Israel has held four elections in the last two years. Prime Minister Netanyahu set the stage for this farcical and unprecedented cycle of elections by dissolving his government with the mistaken idea that he could gain more members for his coalition if an election were held sooner rather than later. He couldn’t.
In Israel, there aren’t just two major parties like in the US. Here, there are many political parties. In the 73 years since Israel’s independence, no party has ever won a majority of the voters. Therefore coalition governments consisting of numerous parties are the rule. In former decades, either the “left” Labor party (now greatly diminished) or the “right” Likud party has usually been the largest party, requiring the addition of many disparate parties to form a majority coalition of 61 MKs (members of Knesset). Netanyahu has accomplished that several times in the last decade, exceeding the longevity of Israel’s first prime minister, David Ben-Gurion, to become Israel’s longest serving prime minister. He has been Israel’s leader since 2009, having previously served in that role from 1996 to 1999.
Israeli voters are predominantly on the right side of the political spectrum. At this time, there are 66 MKs of the 120-member Knesset who are on the right, plus 16 MKs from ultra-Orthodox parties who usually align with the right. Regardless of this majority, a governing coalition is impossible for Netanyahu to attain.
Why? Three former associates of the prime minister, members of Netanyahu’s Likud party, became alienated from Netanyahu, and now head their own parties. Two of them flatly refuse to join a Netanyahu-led coalition and all three are open to joining a mixed party of right, left, and center.
Thus, with less than two weeks remaining for Netanyahu to try to form a ruling coalition, he cannot attain 61 MKs. What will happen next is that President Rivlin probably will assign the task of forming a majority coalition to the leader of the last election’s second-largest party, left-of-center Yesh Atid (There is a Future). But strange circumstances may yield strange results. Its leader, Yair Lapid may be able to cobble together an across-the-board coalition, thus making himself Prime Minister, or possibly alternating the leadership position with one of the other party leaders. This coalition government would necessarily include far left, left, center, and right parties, with little likelihood to last a full four-year term – but few last that long anyway.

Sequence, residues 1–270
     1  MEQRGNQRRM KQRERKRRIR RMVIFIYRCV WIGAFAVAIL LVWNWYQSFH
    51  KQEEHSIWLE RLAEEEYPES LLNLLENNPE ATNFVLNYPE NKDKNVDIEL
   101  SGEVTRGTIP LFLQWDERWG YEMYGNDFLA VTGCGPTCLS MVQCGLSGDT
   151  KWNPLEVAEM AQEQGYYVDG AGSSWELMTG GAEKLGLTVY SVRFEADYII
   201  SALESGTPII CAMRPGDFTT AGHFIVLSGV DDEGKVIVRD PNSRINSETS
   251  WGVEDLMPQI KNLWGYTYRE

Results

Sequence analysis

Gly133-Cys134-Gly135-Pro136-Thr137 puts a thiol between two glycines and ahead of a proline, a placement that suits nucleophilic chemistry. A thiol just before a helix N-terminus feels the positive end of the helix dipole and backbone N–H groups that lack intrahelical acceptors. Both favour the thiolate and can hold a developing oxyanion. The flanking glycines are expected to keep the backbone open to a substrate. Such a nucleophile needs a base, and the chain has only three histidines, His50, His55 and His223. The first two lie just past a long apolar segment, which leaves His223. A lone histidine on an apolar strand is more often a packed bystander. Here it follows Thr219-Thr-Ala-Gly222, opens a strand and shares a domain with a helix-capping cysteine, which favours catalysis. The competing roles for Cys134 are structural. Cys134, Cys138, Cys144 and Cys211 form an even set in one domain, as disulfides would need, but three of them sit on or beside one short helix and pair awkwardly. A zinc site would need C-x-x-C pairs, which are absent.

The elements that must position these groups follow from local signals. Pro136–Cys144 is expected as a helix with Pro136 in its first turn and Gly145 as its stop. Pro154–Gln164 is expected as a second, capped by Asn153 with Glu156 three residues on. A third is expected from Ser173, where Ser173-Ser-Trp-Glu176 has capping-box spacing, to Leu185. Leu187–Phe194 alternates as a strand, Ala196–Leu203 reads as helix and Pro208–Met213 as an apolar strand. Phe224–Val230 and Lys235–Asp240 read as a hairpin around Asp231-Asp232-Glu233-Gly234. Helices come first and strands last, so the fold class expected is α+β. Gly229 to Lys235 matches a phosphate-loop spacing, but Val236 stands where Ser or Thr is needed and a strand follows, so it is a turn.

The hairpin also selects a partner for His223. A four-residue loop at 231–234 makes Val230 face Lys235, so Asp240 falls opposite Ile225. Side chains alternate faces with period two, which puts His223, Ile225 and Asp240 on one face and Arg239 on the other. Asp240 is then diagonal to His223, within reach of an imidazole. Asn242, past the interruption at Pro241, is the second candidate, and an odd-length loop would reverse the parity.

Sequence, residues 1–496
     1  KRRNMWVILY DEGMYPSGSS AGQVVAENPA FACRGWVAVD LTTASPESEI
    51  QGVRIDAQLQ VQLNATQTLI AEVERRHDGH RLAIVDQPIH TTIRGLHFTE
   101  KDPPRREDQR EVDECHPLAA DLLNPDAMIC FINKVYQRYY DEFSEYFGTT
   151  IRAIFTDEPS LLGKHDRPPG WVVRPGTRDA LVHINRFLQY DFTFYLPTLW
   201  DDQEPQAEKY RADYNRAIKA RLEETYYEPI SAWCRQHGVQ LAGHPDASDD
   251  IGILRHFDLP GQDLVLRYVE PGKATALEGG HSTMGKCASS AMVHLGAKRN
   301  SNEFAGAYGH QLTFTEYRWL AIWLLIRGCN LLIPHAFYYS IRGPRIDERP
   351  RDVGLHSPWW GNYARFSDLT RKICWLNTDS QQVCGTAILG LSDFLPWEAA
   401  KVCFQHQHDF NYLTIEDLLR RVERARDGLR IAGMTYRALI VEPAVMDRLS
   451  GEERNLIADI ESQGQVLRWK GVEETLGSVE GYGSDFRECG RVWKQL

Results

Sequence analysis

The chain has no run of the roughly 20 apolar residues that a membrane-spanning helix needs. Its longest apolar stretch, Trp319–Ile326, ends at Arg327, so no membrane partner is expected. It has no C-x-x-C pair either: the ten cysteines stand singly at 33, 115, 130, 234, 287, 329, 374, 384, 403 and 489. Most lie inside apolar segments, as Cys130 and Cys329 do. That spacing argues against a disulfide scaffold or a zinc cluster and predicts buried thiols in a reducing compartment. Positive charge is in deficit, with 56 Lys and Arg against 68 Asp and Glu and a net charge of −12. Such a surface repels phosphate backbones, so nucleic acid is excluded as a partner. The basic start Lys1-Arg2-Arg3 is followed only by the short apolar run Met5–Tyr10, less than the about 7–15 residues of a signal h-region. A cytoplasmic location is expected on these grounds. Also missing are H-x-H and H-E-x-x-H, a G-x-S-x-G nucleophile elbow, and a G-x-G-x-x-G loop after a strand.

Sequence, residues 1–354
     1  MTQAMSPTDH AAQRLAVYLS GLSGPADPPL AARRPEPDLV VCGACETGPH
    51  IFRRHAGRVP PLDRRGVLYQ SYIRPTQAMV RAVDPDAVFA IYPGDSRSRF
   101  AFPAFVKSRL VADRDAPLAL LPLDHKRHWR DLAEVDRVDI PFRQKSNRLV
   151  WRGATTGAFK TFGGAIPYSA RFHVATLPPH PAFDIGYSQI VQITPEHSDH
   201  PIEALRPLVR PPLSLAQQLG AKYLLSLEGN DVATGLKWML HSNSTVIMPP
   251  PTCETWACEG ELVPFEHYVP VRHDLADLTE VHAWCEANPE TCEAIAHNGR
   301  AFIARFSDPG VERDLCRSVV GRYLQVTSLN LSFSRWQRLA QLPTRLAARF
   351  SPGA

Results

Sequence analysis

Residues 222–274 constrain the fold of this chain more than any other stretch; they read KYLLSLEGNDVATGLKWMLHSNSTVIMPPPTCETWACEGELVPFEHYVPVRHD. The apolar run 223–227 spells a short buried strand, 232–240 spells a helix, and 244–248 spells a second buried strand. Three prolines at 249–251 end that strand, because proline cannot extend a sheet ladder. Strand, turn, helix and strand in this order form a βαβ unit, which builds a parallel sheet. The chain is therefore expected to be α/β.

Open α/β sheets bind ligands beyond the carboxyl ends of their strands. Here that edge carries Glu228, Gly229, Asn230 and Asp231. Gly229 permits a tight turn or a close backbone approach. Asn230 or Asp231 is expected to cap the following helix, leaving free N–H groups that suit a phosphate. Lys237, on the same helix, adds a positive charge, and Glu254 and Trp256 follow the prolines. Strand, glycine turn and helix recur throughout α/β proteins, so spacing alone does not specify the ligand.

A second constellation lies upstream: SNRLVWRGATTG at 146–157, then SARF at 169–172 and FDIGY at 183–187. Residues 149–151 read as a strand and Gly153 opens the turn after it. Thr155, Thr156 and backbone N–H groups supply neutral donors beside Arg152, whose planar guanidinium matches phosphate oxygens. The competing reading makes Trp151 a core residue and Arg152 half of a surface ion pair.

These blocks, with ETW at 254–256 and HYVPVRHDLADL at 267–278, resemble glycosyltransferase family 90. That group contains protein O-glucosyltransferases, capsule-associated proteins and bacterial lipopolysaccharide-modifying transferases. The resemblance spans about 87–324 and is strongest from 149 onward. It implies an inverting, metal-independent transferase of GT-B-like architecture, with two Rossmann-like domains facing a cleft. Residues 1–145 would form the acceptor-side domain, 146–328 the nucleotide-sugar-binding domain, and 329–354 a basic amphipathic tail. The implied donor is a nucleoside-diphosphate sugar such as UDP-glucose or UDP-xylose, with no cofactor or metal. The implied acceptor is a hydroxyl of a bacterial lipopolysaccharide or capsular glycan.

If Lapid were also to fail to assemble a coalition, the mandate automatically returns to the Knesset for a 21-day period. During that time, any MK is eligible to attempt to form a government. Possibly, Rivlin may skip the intermediate step and immediately send the coalition-building task back to the Knesset for the MKs to thrash it out. Ultimately, Israel will succeed to form a ruling coalition, or a fifth election will result – which no one wants.
Because President Rivlin’s term is up this summer, there is another angle. The MKs, who themselves elect Israel’s president, could choose Netanyahu for the post. This would clear the way for a right wing government to be formed, because without the impediment of Netanyahu as head of the Likud, all three of the disaffected right wing party leaders mentioned above would join with it, easily forming a majority. For his part, Netanyahu as president would have his ongoing criminal trial suspended for the duration of his 7-year term. And as the saying goes, in that period, “The dog could die.” (See appendix.)
One bright side to this “balagan” (Hebrew: big mess) is that electoral reform might be passed by the newly elected MKs to try to find a way to avoid serial elections. One can only hope…
In a faraway kingdom long ago, the King said to his jester, “You once told me that you have a dog that can talk. Bring the animal here tomorrow so that I can see and hear this wonderful dog.”
Jester: But sire, the dog is not well, so I can’t bring it here to talk for you.
King: OK, so bring it in a week from tomorrow. But, if you can’t bring in a talking dog as you said, in a week I will have your head chopped off!
Jester: Yes, Sire.
The jester went home and told his wife about this calamity.
Wife: Are you crazy? You can’t teach a dog to talk! We don’t even have a dog!
Jester: Well, a week is a long time. The king might die, I might die, the dog might die…